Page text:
I believe that your recent blog article about buy & hold summed up thigs pretty well when Mom and Pop did better just stacking up CDs as compared to their peers buying and holding and or selling stocks etc.


  3. Ulli,

    I used to have a lot of interest in your work, but the longer I read these blog articles I am starting to have lots of doubts about the validity of this whole trend timing process that you are using. The more you add things like the so called "Simple Hedge Strategy", which really is only simple for you, but not us common folk out here. I am now questioning your method. I realize I don't have to read your blog, but have to admit that I do at times find it amusing.

  4. SK,

    Sure not one investment approach is perfect, but this works better than anything else I know of. Let me ask you this: How did you fare during the past 2 bear markets? What method did you employ to not get clobbered?


  5. Ulli,

    I think soemtimes you are a little to abrasive in your replies. I hope you are not so coarse with your clients. This financial investing is very stressful for everyone. Instead of serving vinegar try a little bit of honey sometimes.

    I think Fred might have been looking for an explanation not the door.

    Your system may work well for you and it is proprietary, but it is not the only one that works. I have tried to share my TA system with your before and got the same treatment as you gave Fred…

    Just some positive feedback -please remove the chip off of your shoulder. You have a great blog and I appreciate your efforts.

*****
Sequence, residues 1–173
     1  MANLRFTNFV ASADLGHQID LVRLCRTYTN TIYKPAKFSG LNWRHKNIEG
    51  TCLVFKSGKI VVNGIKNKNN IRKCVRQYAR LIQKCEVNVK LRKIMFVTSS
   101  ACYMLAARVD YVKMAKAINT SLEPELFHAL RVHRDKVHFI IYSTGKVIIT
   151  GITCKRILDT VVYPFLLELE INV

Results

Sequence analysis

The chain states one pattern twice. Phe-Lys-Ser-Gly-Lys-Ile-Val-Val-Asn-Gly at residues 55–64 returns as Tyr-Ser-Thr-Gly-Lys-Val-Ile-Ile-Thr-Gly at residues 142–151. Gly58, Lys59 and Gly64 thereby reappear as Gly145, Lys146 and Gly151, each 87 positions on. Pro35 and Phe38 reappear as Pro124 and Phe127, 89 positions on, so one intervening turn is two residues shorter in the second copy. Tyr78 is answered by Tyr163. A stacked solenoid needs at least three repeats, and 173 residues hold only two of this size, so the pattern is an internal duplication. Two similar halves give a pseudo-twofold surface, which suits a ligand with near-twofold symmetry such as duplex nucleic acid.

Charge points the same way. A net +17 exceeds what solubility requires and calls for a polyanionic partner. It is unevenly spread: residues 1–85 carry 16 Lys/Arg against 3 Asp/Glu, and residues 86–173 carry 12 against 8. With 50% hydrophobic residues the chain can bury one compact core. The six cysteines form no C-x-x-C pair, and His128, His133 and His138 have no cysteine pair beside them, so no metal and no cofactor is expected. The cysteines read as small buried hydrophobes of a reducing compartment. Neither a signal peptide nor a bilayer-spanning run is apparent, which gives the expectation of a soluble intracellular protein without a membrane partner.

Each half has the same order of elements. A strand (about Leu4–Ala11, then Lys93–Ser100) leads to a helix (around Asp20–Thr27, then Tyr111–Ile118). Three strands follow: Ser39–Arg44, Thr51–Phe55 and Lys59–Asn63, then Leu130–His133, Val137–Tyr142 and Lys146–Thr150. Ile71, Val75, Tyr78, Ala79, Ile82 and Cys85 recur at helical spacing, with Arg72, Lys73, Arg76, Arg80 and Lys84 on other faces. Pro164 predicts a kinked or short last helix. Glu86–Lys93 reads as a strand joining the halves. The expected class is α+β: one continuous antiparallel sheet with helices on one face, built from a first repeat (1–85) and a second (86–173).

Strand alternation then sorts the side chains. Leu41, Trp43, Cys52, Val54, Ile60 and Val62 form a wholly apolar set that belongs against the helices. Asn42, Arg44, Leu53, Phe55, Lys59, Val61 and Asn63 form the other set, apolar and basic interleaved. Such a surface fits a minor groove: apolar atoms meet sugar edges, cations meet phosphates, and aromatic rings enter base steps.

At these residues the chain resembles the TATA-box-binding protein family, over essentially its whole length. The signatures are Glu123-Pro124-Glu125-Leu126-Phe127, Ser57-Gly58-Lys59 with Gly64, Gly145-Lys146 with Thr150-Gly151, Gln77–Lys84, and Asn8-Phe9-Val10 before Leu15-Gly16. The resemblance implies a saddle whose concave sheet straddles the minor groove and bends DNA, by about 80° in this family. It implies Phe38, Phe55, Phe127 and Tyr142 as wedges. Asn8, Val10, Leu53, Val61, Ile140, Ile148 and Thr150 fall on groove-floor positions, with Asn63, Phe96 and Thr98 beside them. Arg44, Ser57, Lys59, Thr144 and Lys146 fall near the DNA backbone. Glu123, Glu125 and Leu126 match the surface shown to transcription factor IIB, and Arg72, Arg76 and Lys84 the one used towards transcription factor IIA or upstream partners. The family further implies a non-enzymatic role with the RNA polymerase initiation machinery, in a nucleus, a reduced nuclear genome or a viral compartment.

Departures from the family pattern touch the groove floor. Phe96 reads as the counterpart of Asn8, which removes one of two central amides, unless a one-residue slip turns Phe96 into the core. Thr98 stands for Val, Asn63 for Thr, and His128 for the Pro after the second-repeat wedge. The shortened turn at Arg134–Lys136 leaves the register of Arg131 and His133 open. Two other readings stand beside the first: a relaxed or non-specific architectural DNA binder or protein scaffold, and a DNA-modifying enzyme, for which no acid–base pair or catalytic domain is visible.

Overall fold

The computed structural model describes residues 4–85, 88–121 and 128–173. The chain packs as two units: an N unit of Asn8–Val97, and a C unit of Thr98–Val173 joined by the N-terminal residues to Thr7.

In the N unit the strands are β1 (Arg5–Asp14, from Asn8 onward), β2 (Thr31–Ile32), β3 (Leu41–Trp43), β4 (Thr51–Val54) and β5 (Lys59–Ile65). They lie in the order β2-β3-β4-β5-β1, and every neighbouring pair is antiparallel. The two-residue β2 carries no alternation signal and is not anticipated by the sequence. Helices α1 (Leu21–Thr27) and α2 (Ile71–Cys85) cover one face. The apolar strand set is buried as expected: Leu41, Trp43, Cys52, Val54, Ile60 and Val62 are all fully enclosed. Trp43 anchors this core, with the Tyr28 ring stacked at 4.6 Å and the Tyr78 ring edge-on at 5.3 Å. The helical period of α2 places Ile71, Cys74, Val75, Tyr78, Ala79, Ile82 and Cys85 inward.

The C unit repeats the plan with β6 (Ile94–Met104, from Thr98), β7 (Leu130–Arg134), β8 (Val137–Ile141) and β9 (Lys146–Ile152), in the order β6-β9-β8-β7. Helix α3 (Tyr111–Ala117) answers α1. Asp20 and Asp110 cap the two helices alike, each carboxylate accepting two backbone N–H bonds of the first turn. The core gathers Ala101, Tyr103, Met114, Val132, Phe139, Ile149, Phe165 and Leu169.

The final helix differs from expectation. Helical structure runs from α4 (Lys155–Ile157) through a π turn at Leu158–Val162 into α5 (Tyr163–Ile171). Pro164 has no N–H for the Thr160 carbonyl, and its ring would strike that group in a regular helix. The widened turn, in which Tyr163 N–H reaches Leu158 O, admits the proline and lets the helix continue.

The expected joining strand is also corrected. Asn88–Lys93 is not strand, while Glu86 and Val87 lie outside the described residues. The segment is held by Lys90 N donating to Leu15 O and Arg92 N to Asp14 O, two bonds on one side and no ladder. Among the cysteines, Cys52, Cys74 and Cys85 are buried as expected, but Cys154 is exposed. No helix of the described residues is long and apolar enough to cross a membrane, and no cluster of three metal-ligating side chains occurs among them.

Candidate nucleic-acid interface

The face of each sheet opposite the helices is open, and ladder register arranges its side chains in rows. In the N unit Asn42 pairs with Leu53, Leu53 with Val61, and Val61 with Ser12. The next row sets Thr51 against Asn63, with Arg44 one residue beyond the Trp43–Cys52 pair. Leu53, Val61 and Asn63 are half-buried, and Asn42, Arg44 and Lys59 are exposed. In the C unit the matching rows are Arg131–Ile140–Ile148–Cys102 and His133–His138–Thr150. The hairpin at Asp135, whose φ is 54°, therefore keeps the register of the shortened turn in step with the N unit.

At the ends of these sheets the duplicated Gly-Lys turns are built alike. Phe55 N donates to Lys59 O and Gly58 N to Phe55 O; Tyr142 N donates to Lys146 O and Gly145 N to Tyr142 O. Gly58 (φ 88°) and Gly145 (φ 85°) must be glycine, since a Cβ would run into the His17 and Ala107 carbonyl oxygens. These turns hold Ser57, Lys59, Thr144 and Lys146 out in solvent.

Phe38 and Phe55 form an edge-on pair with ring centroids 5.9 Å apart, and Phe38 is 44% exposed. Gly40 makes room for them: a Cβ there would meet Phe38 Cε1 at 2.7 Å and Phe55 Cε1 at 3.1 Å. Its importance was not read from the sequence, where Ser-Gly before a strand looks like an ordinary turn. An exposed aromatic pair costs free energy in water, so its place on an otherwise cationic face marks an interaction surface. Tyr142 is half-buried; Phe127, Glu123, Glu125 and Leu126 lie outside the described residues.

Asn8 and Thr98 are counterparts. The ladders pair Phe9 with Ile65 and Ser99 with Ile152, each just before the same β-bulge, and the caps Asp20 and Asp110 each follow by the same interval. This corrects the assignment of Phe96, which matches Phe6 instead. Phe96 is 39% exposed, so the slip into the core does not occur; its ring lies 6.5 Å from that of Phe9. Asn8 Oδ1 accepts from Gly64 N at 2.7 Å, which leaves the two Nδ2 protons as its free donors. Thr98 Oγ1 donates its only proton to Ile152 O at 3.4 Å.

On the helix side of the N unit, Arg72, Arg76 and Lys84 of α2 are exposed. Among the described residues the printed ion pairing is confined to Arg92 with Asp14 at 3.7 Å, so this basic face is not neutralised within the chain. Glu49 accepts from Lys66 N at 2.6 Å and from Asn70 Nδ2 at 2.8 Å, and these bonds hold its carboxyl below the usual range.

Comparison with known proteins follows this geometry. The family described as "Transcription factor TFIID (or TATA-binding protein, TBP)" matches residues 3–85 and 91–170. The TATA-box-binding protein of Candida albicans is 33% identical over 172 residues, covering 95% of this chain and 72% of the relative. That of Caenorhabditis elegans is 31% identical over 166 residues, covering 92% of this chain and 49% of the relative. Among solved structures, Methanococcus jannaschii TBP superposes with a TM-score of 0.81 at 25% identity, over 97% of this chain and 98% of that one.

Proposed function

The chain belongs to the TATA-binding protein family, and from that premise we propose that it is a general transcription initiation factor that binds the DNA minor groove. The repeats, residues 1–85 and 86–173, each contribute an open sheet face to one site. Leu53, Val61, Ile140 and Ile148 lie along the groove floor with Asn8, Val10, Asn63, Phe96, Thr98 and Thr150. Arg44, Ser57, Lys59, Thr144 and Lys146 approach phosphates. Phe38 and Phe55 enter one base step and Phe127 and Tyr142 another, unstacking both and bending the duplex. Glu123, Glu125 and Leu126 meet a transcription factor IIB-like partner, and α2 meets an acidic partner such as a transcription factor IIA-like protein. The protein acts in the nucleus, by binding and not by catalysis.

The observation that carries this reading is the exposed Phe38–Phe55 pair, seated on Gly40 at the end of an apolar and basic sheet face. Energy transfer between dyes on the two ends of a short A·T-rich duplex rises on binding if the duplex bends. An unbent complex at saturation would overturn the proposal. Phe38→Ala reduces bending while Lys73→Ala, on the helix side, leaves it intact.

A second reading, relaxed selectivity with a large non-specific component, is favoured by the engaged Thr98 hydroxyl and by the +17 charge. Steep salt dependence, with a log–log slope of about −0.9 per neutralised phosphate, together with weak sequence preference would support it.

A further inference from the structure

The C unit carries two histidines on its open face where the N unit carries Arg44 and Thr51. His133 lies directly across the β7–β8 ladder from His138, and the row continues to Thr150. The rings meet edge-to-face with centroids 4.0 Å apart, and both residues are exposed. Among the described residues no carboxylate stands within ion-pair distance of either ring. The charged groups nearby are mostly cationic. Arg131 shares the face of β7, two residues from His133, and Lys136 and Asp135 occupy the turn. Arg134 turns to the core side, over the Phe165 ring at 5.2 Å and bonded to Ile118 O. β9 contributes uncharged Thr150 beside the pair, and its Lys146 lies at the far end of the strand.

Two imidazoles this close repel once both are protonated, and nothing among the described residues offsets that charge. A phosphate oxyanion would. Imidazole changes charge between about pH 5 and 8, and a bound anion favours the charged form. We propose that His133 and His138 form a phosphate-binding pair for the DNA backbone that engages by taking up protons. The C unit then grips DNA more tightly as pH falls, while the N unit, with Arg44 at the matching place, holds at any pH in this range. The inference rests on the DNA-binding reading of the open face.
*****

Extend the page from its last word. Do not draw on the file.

6. Ulli,

    I agree with MK that you are starting to be a little brash with your readers on this blog and I also agree that the socalled Simple Hedge Strategy may seem simple to you, but not the rest of us. If your system was really any good at finding trends to start with why on earth would you need to hedge it, to me that creates doubt about the whole thing as I have seen so many of these kinds of systems fail over time due to too much tweaking. It also seems rather interesting that when the market is going against your system as it currently is that you degree of brashness is in direct purportion to how much the market goes against you. Just a thought.

  7. JB,

    You are missing the point of the hedge. As I stated in the e-book, it is designed to get us in the market safely at a point prior to our Trend Tracking Indexes signaling a buy.

    It simply another tool that lets you better deal with the uncertainties of the market place.


  8. Ulli,

    I am glad you ask about the last two bear markets. I use a very simple momentum approach to the market trend. I use a very adjustable chart in size both in height and width of the SP500 ($SPX)and Wilshire 5000 ($WLSH) on StockCharts.com as a member.

    I get in when that 200 day SMA line with the price removed turns up and get out when it turns down, very simple, but chart must be tall and narrow to fine turn the wiggles out.

    Out in Oct, 2000, in June, 2003, out Feb, 2007 and still out.

    It doesn't get any simpler than that, but thanks for asking. This also works well with bear funds during the downtrends unlike some other methods that I have experience with.

  9. Hi Ulli,

    There don't seem to be as many happy comments on here now that the long awaited correction may now be started who knows?

    Thanks for all your free info. and weekly letter.

  10. Ulli,

    Maybe you are being tested to see just what you are made of and if you pass the test then maybe someone will employ you to manage their money. Personally I like reading your comments and the comments of others on the blog, but of late you have been hit hard in my opinion. You are a nice person and when I e-mailed you with a question or a comment you always answered my e-mails quickly and I appreciate that. It seems that today for some unknown reason you have been unjustly used as a pin cushion by some people who are losing some money or having some other problem, who knows? I too really like your weekly letter and I understand why it is free because it generates business for you and that is great because you win and I win too.